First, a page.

Morgan Stanley’s Global Investment Committee recommends that investor portfolios be overweight stocks and underweight bonds.
This is an edited excerpt from the Nov. 18, 2014 edition of “Positioning,” by Michael Wilson, Chief Investment Officer, Morgan Stanley Wealth Management. The full report is available upon request. Please refer to the Disclosures section of the excerpted report for important information and disclosures.
The Federal Open Market Committee’s (FOMC) October decision to end quantitative easing, withdrawing stimulus from the economy, marks the start of monetary tightening, or the second stage of recovery. This phase is typically characterized by rising stock, or equity, prices and interest rates.
On the heels of that decision by the FOMC, the Federal Reserve’s policymaking body, Morgan Stanley Wealth Management’s Global Investment Committee (GIC) recommended that investors position their portfolios to overweight equities and underweight fixed income, or bonds.
The GIC, a group of seasoned investment professionals who meet regularly to review the economic and political environment and asset allocation models for Morgan Stanley Wealth Management clients, expects the economy—as measured by gross domestic product, or GDP—to grow, but at below the rate to which we have become accustomed, based on prior second-stage recoveries; stock and bond returns will likely follow suit. This is attributable, in large part, to still lackluster consumer spending and the significant reduction of debt (bank lending and corporate and household borrowing), which fueled the economic growth of the past 30 years.
Investors should not interpret this low-growth environment as a precursor to a recession or a stock market correction. On the contrary, corporations have generated record profits and impressive earnings, not by growing organically, but by cutting costs. The GIC doesn’t expect this performance to change in the foreseeable future, so long as interest rates stay relatively low and inflation remains in check.
In the absence of a pickup in consumer spending, annualized, real GDP—adjusted for inflation—is forecast to be between 2% and 2.5%, instead of the 4% average since World War II, and annualized returns on US equities and investment-grade bonds is estimated at 4% and 1%, respectively, for the next 10 years.
Here’s why the domestic equity market is the GIC’s asset class of choice during the next 6 to 12 months:
Corporate earnings were very strong in the third quarter. For the period ended Sept. 30, 2014, the S&P 500® companies, a representative sample of 500 large companies in leading US industries, delivered nearly 10% year-over-year earnings-per-share (EPS) growth on an increase in sales of just 4%. Energy companies, which have had to contend with falling oil prices, delivered more than 7% EPS growth on a 3.5% decline in revenues.
In addition, midterm elections have historically marked a good time to own domestic equities. In the prior 27 midterm periods, the S&P 500 has rallied 12% on average during the 10 months following the election; the return jumps to 22% when the Fed is in the middle of a tightening cycle.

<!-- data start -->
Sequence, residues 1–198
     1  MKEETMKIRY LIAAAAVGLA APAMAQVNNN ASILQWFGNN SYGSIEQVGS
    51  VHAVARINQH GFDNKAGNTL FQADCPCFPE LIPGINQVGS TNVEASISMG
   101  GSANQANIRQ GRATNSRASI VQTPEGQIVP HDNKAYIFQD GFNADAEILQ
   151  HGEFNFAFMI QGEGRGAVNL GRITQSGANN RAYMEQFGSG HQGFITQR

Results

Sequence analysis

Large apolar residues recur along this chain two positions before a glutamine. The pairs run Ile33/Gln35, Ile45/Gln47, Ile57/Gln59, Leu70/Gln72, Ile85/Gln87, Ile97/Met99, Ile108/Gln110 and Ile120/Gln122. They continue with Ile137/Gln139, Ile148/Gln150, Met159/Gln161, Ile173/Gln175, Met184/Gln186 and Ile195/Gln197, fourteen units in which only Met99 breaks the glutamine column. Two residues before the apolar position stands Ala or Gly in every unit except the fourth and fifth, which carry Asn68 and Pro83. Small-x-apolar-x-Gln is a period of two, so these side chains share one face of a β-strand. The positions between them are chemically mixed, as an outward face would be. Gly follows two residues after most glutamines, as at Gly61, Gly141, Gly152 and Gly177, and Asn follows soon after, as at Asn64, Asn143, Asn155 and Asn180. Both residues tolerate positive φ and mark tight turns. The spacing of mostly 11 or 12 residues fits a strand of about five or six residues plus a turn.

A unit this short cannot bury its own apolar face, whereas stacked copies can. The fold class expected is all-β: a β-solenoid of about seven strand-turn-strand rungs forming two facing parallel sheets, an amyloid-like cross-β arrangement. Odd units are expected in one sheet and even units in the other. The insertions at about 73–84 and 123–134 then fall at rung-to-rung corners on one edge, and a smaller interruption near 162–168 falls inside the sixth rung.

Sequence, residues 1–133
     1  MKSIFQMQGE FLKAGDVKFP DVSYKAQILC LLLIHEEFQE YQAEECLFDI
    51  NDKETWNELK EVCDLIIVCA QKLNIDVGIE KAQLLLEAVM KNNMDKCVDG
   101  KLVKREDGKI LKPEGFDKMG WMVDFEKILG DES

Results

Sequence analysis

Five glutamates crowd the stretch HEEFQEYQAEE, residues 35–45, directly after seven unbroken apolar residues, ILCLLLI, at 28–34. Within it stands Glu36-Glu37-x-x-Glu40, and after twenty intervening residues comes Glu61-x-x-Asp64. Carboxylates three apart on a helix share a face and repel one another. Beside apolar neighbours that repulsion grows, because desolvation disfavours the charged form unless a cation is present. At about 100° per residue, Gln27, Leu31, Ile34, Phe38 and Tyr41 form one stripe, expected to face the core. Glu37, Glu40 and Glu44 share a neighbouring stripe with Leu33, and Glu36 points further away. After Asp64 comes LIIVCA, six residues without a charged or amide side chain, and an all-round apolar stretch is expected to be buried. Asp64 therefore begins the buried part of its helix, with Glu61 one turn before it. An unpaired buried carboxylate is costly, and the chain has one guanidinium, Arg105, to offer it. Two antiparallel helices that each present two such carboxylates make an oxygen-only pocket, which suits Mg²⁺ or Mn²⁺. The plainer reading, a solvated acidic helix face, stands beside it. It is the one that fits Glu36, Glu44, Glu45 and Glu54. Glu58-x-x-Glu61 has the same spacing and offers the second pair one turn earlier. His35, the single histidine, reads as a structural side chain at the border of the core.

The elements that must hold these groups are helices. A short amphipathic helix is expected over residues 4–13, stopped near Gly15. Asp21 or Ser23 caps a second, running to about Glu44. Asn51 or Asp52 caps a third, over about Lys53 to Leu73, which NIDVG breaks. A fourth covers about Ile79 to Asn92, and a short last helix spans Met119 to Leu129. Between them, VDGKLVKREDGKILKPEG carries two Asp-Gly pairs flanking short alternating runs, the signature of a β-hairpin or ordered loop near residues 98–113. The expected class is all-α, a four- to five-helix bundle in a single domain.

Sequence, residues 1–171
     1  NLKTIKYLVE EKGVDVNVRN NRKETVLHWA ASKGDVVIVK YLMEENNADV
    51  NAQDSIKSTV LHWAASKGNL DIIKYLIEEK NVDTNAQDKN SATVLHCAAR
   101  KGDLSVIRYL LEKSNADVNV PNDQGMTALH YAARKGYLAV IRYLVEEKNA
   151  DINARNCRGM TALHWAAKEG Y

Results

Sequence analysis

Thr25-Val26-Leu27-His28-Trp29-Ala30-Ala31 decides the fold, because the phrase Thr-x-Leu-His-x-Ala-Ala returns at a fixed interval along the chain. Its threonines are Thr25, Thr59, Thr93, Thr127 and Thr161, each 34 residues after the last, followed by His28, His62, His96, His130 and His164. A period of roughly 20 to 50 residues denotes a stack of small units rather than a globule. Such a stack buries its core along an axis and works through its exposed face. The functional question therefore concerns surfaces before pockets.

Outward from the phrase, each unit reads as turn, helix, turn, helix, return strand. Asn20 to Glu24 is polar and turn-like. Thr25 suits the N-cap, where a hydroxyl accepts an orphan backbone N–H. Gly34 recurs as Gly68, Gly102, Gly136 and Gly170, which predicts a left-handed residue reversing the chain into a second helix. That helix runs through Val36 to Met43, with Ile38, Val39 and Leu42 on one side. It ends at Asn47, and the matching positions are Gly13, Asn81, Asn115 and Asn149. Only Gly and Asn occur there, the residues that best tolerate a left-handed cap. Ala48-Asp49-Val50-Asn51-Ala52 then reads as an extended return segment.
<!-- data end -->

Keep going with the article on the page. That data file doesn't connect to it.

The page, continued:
Declining energy prices are another possible catalyst. While some investors fear this may signal an economic global retrenchment, the GIC believes it is more due to excess supply. The oil price drop will act as a sizable tax cut for the global consumer, and this should begin to boost growth well into 2015.
Finally, US wages and income are on the upswing. Although average hourly earnings in October moved up only 0.1% month-over-month, the annualized rate has continued to grow at about 2%, in line with the trailing four-year average. In addition, hours worked have continued to increase, hitting a six-year high.
- Small- and mid-cap domestic equities should offer opportunities because they are more exposed to an accelerating US economy and less to decelerating emerging markets.
- The GIC prefers sectors that historically outperform during the mature phase of a recovery: health care, technology, domestic industrials and consumer discretionary.
- A rapid increase in interest rates could have negative implications for US small- and mid-cap stocks.
- Change in the composition of the FOMC and confusion surrounding forward guidance may lead to increased volatility in equity markets.
- A string of disappointing economic data could raise questions about the strength of the US economic recovery.
For fixed income, investors are advised to be selective. With interest rates expected to rise, long duration bonds1 will offer little value, while shorter duration fixed-income securities may provide more opportunity. In particular, the GIC recommends:
- US high yield, with an overweight to bonds rated BB/BBB.
- Floating-rate notes, which may offer support against rising rates while providing a better return than cash.
- Opportunities outside of traditional fixed income, for example, stocks with rising dividends, real-estate investment trusts (REIT) and master limited partnerships.
- Staggering the maturities of your fixed-income holdings to take advantage of rising interest rates (bond ladder).
- Economic growth slows and interest rates decline instead of rise.
- Shorter‐duration bonds do not provide the same degree of portfolio diversification as longer‐duration bonds.